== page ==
NewBrunswick: Some go home with more money in their pockets, some less, as fishing season ends

Lobster and crab fishermen in northern New Brunswick are removing their gear from the water Friday, as the season draws to a close. Saturday marks the official end to what fishermen described as a roller-coaster season in the Acadian Peninsula. All areas close to fishing on June 30, except for Neguac and Burnt Church, where the lobster season was extended until July 2. There were outcries and protests from the fishing community throughout the season, over new measures imposed by the federal government to protect endangered north Atlantic right whales, after a historically deadly summer. At the end of this eventful season, the feelings are mixed. >click to read<12:39

Pacific Salmon Treaty 3.0 looms for B.C. fishing industry

It has been nearly 20 years since a renegotiation of the Pacific Salmon Treaty with the U.S. sparked a war between the B.C. government, Ottawa and the U.S. That fight ended with Ottawa trying to expropriate a provincially owned seabed at Nanoose Bay – used for a joint Canadian-American submarine and torpedo test range – and generated such hostility that angry B.C. fishermen corralled an American ferry and held it hostage for two days in Prince Rupert in 1997.,,, The treaty expires at the end of this year. American and Canadian negotiators have been quietly working on its renewal for 18 months, said Brian Riddell, who is a Canadian commissioner to the Pacific Salmon Commission. >click to read<18:49

Call for Increased Seal Hunt as Population Surges

Hungry East Coast seal populations have surged in recent decades, spurring calls for an increased seal hunt — and even a possible cull — to protect fragile caplin and northern cod stocks. The Northwest Atlantic harp seal population is estimated at about 7.4 million animals — almost six times what it was in the 1970s, according to the federal Department of Fisheries and Oceans. Grey seal numbers in the Gulf of St. Lawrence have grown from about 5,000 animals in 1960 to an estimated 98,000 in 2014, according to the department. >click to read<16:04

FISH-NL condemns DFO’s discriminatory restriction to latest scientific information on commercial fish stocks

The Federation of Independent Sea Harvesters of Newfoundland and Labrador (FISH-NL) condemns a move by the federal Department of Fisheries and Oceans this year to limit access to the release of the latest scientific information on the status of key commercial fish stocks, and calls for a more fair and open process. “The raw scientific data on the status of commercial stocks such as shrimp, crab, caplin and groundfish should be available for all hands to absorb at one time,” says Ryan Cleary, President of FISH-NL. “This is a huge leap backwards for transparency. >click to read< 19:55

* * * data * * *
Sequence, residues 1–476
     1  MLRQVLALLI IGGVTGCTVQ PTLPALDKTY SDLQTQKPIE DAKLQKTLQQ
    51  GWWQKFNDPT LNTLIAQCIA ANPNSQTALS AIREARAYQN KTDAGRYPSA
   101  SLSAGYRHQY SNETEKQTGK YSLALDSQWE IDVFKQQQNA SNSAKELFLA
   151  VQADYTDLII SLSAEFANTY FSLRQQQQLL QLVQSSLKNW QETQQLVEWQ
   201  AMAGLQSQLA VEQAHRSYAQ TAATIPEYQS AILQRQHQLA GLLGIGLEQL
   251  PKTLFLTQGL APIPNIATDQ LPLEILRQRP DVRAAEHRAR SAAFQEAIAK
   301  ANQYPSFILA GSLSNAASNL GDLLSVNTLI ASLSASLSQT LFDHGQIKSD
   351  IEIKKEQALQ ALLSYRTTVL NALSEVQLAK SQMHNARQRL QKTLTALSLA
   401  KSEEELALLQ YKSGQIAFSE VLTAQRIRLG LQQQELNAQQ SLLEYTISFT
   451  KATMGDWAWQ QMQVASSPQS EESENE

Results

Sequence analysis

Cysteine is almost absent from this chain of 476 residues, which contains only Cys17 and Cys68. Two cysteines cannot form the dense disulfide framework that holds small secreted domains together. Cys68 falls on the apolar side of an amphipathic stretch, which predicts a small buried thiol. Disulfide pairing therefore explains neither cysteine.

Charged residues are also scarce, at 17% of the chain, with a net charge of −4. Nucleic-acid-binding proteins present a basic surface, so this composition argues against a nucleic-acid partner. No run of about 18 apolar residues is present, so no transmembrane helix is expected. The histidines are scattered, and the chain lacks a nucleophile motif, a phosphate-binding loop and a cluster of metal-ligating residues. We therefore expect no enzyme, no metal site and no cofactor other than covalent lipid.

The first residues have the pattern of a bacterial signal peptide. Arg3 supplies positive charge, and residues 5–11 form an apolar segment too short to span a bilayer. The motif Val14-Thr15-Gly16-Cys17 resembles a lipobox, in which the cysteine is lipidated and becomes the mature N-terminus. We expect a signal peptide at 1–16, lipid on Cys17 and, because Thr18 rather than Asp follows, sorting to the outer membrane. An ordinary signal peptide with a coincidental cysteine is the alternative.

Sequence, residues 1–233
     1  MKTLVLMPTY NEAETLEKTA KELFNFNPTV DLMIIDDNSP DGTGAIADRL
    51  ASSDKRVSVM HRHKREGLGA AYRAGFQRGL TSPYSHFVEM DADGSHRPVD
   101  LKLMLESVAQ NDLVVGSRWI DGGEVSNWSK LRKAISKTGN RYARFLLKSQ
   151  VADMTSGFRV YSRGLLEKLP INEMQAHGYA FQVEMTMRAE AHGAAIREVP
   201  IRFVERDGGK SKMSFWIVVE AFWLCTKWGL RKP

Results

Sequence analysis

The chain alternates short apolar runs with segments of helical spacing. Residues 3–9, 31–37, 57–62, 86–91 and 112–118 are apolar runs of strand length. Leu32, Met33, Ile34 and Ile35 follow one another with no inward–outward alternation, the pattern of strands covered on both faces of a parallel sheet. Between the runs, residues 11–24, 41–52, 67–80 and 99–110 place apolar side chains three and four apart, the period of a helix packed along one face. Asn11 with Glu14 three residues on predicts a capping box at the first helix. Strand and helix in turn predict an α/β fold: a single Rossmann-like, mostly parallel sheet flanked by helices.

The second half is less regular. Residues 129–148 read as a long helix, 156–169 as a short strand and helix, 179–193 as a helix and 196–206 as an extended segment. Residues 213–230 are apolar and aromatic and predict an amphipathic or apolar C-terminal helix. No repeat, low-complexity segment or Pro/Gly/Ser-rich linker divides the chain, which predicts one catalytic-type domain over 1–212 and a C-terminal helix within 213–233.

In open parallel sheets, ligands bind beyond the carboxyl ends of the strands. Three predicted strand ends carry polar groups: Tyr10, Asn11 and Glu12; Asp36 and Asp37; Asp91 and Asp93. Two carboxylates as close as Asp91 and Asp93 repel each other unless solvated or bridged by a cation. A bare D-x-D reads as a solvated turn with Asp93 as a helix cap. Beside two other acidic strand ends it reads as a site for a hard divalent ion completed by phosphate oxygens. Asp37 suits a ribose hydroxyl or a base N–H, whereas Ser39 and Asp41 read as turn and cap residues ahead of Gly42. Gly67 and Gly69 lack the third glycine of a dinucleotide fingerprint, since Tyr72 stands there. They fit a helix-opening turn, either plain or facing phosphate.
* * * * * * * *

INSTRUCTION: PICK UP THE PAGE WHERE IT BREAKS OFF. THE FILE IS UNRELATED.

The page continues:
Indigenous fishermen hope to be arrested, trigger court case as Nova Scotia lobster season kicks off

As one of the most lucrative fisheries in Canada prepares for opening day, some Mi’kmaq in Nova Scotia are trying to trigger a court battle over Indigenous fishing, hoping it will see them win a greater share of the thriving lobster business. And they are daring the Department of Fisheries and Oceans to arrest them. One of them is Cheryl Maloney, an activist, law school graduate and mother of four boys. She wants her family to be able to earn the “moderate livelihood” she says the Supreme Court of Canada ruled they are entitled to in 1999. click here to read the story 09:19

Marine Protected Areas – Fishermen say Ottawa not clear on what potential protected areas will mean for fishing grounds

Cape Breton snow crab fisherman Basil MacLean speaks for many in coastal when he complains Ottawa has not been clear about what a potential marine protected area (MPA) will mean in his fishing grounds. “We’ve got no clarity. We got no idea what they want to protect,” he says. Earlier this year, officials with the Department of Fisheries and Oceans revealed an area known as the Cape Breton Trough in western Cape Breton is a potential candidate for designation as a marine protected area. The Trough overlaps the lucrative snow crab grounds known in DFO bureaucratise as Area 19. click here to read the story 11:41

Lobster wars

Burned out fishing boats, thousands of pounds of dumped, dead lobsters and allegations of a booming black market for the popular crustacean have drawn federal investigators to Nova Scotia’s most lucrative fishing grounds in the lead-up to lobster season. Tensions have been running high in recent weeks along the small wharves in the communities that dot St. Mary’s Bay, a well-known breeding ground for lobsters during the summer. While conservation laws prevent lobster fishers from harvesting the shellfish during breeding season in order to safeguard stocks, stunned locals watched thousands of pounds of lobsters that appeared to be commercial loads pass over their docks though the summer months. click here to read the story 10:53